If I had to summarize this book in one word, it would be provocative. From the opening chapter where Annette Carson analyzes Richard Collins’s theory that Edward IV may have died of poisoning, to the closing chapter depicting Richard’s personal tragedies--son dies suddenly and wife dies after a long illness--and how they affected his security, to his miscalculations of how to manage the powerful lords upon whose support he depended, we not only learn how history has maligned this medieval monarch, but also how certain key events have several valid interpretations.
The chapters are arranged chronologically, starting just before Edward IV’s death to Richard’s defeat and death on Bosworth Field--a period extending just under two and a half years--and of the Tudor aftermath where Richard’s good name was maligned. While Carson clearly sides with the “good king Richard” view, she does not ignore detracting theories for each point she examines. Throughout all the tumultuous events of this short historical span, Carson analyzes the primary (where available) and secondary sources--sometimes supporting and sometimes contradicting the conclusions that are drawn. Notably she doesn’t shirk from citing and examining controversial references such as that of Thomas More's History of King Richard III.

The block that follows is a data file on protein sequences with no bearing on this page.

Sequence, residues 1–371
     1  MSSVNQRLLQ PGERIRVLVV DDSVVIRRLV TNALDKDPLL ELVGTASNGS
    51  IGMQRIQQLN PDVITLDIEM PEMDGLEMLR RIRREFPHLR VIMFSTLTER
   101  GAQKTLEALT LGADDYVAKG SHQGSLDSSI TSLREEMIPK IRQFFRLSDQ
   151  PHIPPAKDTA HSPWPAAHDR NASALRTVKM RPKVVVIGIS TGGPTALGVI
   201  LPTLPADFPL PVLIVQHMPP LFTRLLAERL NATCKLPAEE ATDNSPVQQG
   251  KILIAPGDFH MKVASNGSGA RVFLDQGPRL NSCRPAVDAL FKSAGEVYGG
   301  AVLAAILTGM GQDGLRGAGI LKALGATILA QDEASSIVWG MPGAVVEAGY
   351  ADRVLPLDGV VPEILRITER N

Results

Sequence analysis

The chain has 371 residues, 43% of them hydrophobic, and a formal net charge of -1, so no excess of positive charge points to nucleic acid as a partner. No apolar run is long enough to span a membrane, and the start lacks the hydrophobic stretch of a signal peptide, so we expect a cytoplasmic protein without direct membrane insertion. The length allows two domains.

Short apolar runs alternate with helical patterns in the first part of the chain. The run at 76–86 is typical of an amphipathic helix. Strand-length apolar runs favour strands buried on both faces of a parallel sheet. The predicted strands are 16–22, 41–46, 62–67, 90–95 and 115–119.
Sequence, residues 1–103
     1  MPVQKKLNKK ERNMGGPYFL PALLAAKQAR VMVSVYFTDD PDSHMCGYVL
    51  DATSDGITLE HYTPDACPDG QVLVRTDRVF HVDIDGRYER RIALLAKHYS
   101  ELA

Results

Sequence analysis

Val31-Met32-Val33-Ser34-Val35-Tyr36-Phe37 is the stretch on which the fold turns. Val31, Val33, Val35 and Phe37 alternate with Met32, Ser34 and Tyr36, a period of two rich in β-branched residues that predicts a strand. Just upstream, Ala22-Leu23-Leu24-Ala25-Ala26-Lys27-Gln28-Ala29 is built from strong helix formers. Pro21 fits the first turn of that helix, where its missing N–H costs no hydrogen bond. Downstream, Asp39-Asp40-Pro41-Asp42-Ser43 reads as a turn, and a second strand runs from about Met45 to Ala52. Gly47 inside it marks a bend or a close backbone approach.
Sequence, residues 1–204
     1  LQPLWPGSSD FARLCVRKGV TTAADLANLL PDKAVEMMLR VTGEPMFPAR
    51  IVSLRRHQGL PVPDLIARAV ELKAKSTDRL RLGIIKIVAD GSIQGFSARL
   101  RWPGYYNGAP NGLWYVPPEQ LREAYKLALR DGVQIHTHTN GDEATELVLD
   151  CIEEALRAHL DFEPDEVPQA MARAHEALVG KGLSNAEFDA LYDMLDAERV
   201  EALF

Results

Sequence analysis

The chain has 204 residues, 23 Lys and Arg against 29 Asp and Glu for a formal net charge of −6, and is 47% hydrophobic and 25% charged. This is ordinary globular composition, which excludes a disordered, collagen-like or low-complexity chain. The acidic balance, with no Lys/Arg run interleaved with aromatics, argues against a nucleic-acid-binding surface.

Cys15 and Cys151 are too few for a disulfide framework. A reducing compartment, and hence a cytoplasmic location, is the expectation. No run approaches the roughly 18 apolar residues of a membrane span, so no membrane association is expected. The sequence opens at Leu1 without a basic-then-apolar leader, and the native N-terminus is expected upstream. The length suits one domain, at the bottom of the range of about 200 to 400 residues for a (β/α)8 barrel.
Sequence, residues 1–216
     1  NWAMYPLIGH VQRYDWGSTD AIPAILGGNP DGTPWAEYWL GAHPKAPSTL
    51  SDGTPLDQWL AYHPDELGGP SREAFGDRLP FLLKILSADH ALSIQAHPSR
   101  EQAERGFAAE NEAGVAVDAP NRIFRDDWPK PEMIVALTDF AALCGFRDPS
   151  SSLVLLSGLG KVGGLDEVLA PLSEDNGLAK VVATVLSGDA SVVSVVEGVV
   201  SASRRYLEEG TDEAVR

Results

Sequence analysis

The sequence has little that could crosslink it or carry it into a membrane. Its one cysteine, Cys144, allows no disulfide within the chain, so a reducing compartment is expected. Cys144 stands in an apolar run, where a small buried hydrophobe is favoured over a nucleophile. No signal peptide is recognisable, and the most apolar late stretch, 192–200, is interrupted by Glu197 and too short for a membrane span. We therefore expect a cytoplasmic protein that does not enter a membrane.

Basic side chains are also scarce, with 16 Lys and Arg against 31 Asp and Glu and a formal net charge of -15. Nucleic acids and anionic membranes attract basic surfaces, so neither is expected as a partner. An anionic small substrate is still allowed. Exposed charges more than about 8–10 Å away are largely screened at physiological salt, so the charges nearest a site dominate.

Carson’s work is well balanced, logical, and witty. I believe this text is readily understandable by someone just embarking on learning about this era as well as an important addition to the more knowledgeable reader. The selected bibliography lists over a hundred references that she cites throughout the text. Despite the weight of the research, the book is highly readable and accessible to the non-historian.
The one issue I had with this book has to do with its physical production and not the contents. For this, I lay the responsibility squarely on the publisher--The History Press. I found the tiny font size they chose for this book a real challenge for me to read. I measured it and the regular text is a six-point font size with quoted text even smaller. Admittedly, I am of an age where I need to use reading glasses for normal print size. Here, I often found myself using a magnifying glass in addition to the glasses. I implore The History Press to use at least a ten-point font size if they reprint this book. I’ll purchase another copy if they do.
In the spirit of full disclosure, the author and I traded books when we met for the first and only time last August. Neither of us had any expectations of receiving or giving a review. I am writing this review because I think this book is a valuable addition for anyone interested in Richard III and that period of history.
Richard III: the Maligned King may be purchased at Amazon.com: